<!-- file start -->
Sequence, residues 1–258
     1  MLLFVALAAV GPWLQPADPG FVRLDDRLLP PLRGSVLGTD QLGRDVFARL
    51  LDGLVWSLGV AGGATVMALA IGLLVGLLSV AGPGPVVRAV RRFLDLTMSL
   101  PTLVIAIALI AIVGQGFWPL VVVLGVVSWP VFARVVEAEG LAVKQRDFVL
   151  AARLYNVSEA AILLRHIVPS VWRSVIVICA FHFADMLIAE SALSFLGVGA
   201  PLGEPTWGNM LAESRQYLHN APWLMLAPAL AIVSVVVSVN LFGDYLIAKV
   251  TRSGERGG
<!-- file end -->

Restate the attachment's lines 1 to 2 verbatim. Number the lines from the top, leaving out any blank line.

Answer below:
Sequence, residues 1–258
     1  MLLFVALAAV GPWLQPADPG FVRLDDRLLP PLRGSVLGTD QLGRDVFARL